My Chanukah Sit-In

My Chanukah Sit-In

Last night I lit my first Chanukah candles, and then it was like I smeared some Elmer’s on my skirt and glued myself to the sofa.

This child needed this, and that child needed that, and the phone rang, and the new technicolor singing dreidl needed new batteries. But I was off duty.

And those sofa-stuck minutes every night of Chanukah are quite possibly the sweetest minutes of my year. They make me realize how much of my life I spend rushing from this to that. I am spreading humus on a rice cake for my 5-year-old when the 2 year-old needs an urgent tushy wipe when the phone rings with a call from my kids’ youth group when my 12-year-old can’t figure out how to switch the computer from English into Hebrew for her book report.

It’s like my life is a merry-go-round that’s spiraling out of control, about to fly off into the sky like a fiberglass-horse filled Frisbee.

And on Chanukah, for a full half-an-hour every night, I just sit and won’t budge while I watch my candles. Sometimes I’m alone, and think my annual thoughts about that little candle flickering in the darkness of my unlit living room. And how that little candle reminds me of what Hashem wants from me in this life. To shine my little light no matter how insignificant my pipsqueak of a flame feels and how dark the Pacific Ocean of darkness surrounding me appears from where I am sitting.

And sometimes, like last night, I am surrounded by my family. Last night my 14-year-old joined me on the sofa and told me a Chassidic vort about Chanukah and then she and her 12-year-old sister and I started laughing hysterically about something while my younger children gathered around the technicolor singing dreidl (somebody else found the batteries) and watched it with awe-filled parted lips, as though Mt. Hermon had started erupting lava.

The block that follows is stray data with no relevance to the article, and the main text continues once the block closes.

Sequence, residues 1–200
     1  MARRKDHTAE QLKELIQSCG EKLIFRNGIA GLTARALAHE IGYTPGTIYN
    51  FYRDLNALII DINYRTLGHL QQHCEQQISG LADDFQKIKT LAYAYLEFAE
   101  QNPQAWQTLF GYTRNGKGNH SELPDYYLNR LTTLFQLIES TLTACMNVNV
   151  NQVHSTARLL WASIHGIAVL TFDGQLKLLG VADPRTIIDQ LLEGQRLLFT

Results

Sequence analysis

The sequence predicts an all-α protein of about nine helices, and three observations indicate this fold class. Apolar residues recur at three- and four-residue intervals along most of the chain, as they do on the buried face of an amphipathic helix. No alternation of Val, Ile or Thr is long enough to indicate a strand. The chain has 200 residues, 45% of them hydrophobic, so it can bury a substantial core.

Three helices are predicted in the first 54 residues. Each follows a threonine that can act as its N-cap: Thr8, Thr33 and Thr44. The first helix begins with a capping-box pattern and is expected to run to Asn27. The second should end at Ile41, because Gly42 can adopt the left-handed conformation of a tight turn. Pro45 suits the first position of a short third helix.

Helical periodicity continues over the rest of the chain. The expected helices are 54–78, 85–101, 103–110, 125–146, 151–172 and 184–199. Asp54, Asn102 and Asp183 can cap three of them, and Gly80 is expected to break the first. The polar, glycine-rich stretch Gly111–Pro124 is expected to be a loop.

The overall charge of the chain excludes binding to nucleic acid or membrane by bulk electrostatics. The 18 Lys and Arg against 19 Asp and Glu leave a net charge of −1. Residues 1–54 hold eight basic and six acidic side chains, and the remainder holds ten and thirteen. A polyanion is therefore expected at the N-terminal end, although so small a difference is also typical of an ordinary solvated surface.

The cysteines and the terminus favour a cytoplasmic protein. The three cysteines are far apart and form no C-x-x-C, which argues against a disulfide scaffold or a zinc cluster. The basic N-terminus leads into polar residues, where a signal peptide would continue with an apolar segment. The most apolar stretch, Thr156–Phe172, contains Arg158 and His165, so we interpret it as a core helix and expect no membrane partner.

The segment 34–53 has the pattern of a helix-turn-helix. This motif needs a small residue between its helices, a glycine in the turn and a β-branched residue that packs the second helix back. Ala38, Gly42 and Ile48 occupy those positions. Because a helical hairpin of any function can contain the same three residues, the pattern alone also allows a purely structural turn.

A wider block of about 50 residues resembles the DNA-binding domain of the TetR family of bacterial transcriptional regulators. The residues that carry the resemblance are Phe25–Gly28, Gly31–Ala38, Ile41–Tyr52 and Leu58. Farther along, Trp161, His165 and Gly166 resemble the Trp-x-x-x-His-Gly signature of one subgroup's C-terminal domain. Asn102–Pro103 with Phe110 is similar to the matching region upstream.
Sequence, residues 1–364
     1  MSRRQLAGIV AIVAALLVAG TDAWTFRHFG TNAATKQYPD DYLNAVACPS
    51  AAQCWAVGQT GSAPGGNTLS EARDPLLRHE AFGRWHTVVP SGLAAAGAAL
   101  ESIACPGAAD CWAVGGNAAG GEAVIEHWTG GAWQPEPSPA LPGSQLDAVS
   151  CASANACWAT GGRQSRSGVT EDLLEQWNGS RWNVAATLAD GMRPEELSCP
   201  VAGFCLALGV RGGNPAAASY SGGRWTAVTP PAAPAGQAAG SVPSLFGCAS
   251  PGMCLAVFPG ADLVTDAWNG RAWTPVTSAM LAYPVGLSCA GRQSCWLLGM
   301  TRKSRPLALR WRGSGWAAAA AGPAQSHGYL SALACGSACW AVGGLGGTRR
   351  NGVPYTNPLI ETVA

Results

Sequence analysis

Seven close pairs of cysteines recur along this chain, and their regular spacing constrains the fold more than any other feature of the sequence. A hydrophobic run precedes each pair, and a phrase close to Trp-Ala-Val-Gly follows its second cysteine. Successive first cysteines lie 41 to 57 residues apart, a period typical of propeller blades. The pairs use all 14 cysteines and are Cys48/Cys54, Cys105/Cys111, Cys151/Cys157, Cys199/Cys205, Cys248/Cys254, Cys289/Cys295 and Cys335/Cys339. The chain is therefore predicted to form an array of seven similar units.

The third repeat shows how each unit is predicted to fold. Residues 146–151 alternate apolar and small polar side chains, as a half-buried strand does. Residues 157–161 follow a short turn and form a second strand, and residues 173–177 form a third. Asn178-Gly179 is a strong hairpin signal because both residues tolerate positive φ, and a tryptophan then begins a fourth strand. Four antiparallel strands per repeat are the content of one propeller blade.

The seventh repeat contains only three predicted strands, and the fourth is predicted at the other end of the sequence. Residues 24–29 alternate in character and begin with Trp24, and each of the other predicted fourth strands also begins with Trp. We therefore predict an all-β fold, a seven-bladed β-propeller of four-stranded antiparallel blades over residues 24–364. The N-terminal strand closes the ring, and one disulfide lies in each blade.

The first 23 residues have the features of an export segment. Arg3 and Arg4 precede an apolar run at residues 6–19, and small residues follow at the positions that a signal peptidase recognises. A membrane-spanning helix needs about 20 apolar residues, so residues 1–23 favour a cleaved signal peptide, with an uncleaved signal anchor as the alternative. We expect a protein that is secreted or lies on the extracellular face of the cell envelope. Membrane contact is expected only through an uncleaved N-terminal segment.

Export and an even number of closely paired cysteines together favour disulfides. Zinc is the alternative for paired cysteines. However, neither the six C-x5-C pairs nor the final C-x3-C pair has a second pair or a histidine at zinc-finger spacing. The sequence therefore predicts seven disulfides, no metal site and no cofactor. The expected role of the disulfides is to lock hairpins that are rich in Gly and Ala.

And I just sat and drank it all in. Feeling the blessing of what is and the joy of this annual opportunity to be still, very still, and to count my blessings by candlelight.


  1. Beautiful!

  2. I always felt that way when my kids were little and now that they are grown and married – I kind of miss that feeling – but still enjoy the peace of “just sitting”.

  3. how on earth to you sit for a half hour? I know we’re supposed to, but doesnt anyone need supper around then? it doesn’t happen by itself in my house, and that’s legitimate needs. happy Chanukah!:-)

  4. To Malka, and all those out there in ChanukahLand wondering: There are different halachic opinions, but I have recently been informed by a posek that for women, the restriction from “work,” referred to as “melacha” is IN ITS STRICTEST version a prohibition against doing what you would not be allowed to do on Chol Hamoed, while in its more lenient version it’s for whatever you can’t do on Rosh Chodesh.This is not the same meaning as melacha for Shabbos. Think no writing that is not absolutely necessary, no bill paying, no driving somewhere unrelated to a Chanuka inyan, no laundry or sewing, perhaps no majorly distracting intense work like moving furniture or house cleaning. But supper? By all means! I had the same dilemma for years till I got it straight and it wasn’t always such a treat. I definitely enjoyed the forced sitting to an extent, but on the other hand, as a working mom with a narrow window of time to get a supper going in advance of the “forced” sitting(because, let’s face it, if it won’t be ready before 1/2 hr no-work time, we can add that much time to impatient, hungry little bellies, which will lead to little WW I’s triggered all over the peaceful chanukah atmosphere). It’s to keep you focused on the chag while the candles are burning for at least their minimum time – which by the way is a half hour after shkiah, so guess what? If you light earlier, you have to extend the no-work time all the way from whatever time you lit (say for example you lit 20 minutes before shkiah, then no melacha for 50 minutes). Enjoy! It’s all about recognition and honor of our women’s role in this chag.

    • Thank you, savta ima. I’m glad to hear that my personal thoughts have halachic backing!!!
      Here’s a story: we went to a bbq second night. the father was asked to put off the candle lighting because the mother had “melacha” to do (prepare for her guests)….
      in the end, the family didn’t light their candles until about 10pm!!!!!!!!

      did they do the right thing? I don’t know.

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